Wednesday, September 2, 2009

Evaluating the statistics Part 2

As noted in my last post, the method of calculating smoking attributable deaths raises a lot of questions.

For example, Health Canada managed to reduce the number of smoking related deaths by roughly 22%, just by changing the data set used in their calculations. In 2007, they were claiming 47,581 smoking related deaths, but by the summer of 2008, there were only 37,203 deaths attributed to smoking. But, there were no more, and no fewer, actual deaths. The reduction was in the statistical deaths attributed to smoking calculated by Health Canada.

No big deal you say? They found an error in their calculations and corrected them.

But, from 1998 to 2008, the inflated numbers were quoted by the anti-smoker crowd, the press and politicians as gospel. And, in fact, the exaggerated numbers are still being used by many in the anti-smoker brigade. Physicians for a Smoke-free Canada is but one example. And, the dramatic reduction in smoking attributable mortality was not considered sufficiently newsworthy to be reported by the major news media in Canada.

Had smoking related deaths increased by only half that amount, it would have been front page news.

According to Health Canada, persistent HPV infection with high risk types, is the major cause of cervical cancer. It is estimated that over 99% of cervical cancers are caused by HPV.

This contention is supported by the Canadian Cancer Society: “Nearly all cervical cancers are caused by persistent high-risk HPV infection. High-risk types of HPV are considered known cancer-causing agents. About 70% of cervical cancers are associated with high-risk HPV type 16 and 18. Other high-risk types of HPV are associated with the other 30% of cervical cancers.”

But, if you look in the smoking attributable mortality tables prepared for Health Canada, 34.7% of cervical cancers (126 of 362 deaths) are attributed to smoking. Is this claim even remotely possible? Was the data on HPV and cervical cancer too recent to have been taken into consideration in calculating smoking related deaths? And, even if that were the case, does it not point out the tenuous nature of the original data linking cervical cancer to smoking?

But, the inclusion of cervical cancer in the ever expanding list of smoking related diseases becomes even more suspect, when you realize that data suggesting HPV was likely responsible for all cervical cancers has been available since 1999.

A similar situation is developing with mounting evidence of a link between lung cancer and HPV. Health Canada claims that 88.6% of male lung cancers are caused by smoking. Another 1.5% are said to be caused by exposure to SHS. And, 10% of lung cancers are caused by exposure to radon gas, the second leading cause of lung cancer behind smoking. That's 100% of male lung cancers for which the cause has, allegedly, already been found

But, that leaves no room for the deaths that may have been caused by exposure to asbestos or any of the other dozen or more risk factors associated with lung cancer. At least for men. Of course, any deaths associated with exposure to asbestos, beryllium, uranium, diesel exhaust, smog, etc. may be exclusive to the female component of the population. But, you'd think that was something someone should have mentioned.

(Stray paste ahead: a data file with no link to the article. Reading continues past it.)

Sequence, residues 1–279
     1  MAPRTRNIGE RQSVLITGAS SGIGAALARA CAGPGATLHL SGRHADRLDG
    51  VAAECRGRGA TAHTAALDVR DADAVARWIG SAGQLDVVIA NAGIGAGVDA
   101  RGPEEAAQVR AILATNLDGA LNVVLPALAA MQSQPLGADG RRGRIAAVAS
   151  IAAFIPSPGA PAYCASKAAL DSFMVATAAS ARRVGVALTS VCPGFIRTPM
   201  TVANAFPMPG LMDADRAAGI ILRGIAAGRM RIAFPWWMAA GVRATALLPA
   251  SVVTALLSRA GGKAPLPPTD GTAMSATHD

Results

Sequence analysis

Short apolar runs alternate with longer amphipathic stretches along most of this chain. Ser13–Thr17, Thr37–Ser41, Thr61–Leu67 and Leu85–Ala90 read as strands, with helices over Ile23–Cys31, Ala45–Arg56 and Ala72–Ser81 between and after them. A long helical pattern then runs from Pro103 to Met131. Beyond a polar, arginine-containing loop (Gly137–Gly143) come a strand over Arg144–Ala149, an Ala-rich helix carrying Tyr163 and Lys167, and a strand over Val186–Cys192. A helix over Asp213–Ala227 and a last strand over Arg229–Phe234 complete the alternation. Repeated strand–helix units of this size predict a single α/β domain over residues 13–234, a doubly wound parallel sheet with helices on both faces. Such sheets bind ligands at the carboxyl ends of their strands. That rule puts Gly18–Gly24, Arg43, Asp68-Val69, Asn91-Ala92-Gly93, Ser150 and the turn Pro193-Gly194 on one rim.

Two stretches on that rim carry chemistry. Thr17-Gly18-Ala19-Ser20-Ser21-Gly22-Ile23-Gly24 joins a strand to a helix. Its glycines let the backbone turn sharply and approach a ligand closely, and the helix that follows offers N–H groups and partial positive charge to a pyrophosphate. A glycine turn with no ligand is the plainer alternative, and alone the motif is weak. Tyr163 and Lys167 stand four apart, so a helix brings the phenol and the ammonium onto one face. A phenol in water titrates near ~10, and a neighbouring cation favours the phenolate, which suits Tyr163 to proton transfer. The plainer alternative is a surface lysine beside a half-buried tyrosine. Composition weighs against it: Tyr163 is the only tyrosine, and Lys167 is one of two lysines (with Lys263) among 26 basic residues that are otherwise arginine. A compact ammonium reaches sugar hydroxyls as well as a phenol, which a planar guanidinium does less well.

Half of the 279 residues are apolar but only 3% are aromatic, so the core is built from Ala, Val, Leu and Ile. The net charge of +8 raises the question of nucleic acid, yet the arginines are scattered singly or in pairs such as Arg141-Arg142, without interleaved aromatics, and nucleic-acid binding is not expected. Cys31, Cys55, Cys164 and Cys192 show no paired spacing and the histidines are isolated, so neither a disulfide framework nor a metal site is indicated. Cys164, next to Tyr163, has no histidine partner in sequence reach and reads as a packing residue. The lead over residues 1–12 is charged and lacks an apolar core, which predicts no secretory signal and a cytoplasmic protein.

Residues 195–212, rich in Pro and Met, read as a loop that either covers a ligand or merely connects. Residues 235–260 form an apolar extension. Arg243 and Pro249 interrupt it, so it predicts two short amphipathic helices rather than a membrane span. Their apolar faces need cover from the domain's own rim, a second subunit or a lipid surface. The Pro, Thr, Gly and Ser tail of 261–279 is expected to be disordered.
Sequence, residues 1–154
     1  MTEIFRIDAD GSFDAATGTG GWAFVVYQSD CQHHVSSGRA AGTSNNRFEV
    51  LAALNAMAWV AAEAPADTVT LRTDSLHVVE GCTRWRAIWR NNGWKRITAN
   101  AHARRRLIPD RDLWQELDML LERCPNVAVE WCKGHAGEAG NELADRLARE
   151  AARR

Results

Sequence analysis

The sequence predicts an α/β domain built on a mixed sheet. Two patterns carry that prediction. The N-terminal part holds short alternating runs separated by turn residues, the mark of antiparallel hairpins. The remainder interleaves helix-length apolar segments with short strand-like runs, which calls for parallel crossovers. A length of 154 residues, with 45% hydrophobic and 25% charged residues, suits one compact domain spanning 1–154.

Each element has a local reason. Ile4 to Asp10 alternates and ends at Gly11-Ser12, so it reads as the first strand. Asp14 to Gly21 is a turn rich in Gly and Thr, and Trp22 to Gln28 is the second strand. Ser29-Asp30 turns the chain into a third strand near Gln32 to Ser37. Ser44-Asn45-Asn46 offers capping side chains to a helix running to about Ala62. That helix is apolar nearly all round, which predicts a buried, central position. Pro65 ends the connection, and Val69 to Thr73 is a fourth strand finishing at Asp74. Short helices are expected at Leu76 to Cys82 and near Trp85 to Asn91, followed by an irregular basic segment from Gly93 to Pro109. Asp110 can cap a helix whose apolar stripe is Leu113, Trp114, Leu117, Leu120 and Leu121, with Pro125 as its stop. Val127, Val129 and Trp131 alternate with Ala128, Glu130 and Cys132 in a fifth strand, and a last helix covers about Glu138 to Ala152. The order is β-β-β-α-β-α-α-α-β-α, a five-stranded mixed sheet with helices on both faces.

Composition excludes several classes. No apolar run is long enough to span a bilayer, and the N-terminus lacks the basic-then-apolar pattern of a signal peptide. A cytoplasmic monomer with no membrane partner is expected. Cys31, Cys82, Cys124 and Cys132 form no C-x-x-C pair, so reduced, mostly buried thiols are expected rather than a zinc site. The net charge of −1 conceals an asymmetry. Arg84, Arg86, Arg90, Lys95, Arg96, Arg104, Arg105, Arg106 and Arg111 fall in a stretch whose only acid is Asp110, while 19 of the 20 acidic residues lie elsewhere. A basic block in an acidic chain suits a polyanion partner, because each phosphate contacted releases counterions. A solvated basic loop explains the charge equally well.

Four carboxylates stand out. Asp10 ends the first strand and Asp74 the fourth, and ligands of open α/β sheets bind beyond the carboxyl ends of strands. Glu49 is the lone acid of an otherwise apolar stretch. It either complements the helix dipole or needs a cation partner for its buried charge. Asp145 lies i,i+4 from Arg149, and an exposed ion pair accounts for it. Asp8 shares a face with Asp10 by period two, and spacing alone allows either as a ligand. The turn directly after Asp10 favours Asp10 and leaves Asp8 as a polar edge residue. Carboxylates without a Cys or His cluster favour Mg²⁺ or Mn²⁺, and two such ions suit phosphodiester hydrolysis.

So, what should we make of recent studies suggesting that HPV, not radon, may be the second leading cause of lung cancer. And, one study from Germany does just that: “The data suggest that HPV is the second most important cause of lung cancer after cigarette smoking and strongly argues for additional research on this issue.”

The study also notes that: “Overall, the mean incidence of HPV in lung cancer was 24.5%. While in Europe and the America the average reported frequencies were 17% and 15%, respectively.”

Even the anti-smoker claim that 85% to 90% of all lung cancers are caused by smoking doesn't hold up to scrutiny. According to Health Canada, 13,401 of 17,188 lung cancer deaths were caused by smoking. But that's only 78%.

Nit-picking? Maybe . . .

Smoking may contribute to morbidity and mortality from some diseases. But, if Health Canada and the rest of the anti-smoker cult have to resort to deceptive statistics to convince the public of the hazards of smoking, how can anyone have any confidence in anything they say? And, the statistics are deceptive, both in fact and presentation.

Has anybody ever wondered how Health Canada can state with such precision how many deaths from IHD were caused by smoking, but they can't tell how many may have been caused by stress, diet or lack of exercise? How can they determine that exactly 13,401 lung cancer deaths were caused by smoking, but the best they can come up with for exposure to radon in the home is “about 2,000”?

How many Canadians know, for example, that despite the fact that smokers comprise 20% of the population, only 13% of the over 40,000 IHD (Ischemic Heart Disease) deaths are attributed to smoking? How many are aware that, according to the Lung Cancer Alliance, “over 60% of new cases (of lung cancer) are never smokers or former smokers, many of whom quit decades ago.”

How many Canadians know that smoking related illness is a fiction; that people die from heart disease and lung cancer whether they smoke or not. How many are aware that smoking related statistics are based on speculation and conjecture; that they are being used as a propaganda tool by the health scare professionals in the anti-smoker cult?

But, perhaps the most important question is why the public, the press and politicians seem so eager to buy into the bullshit and bafflegab.

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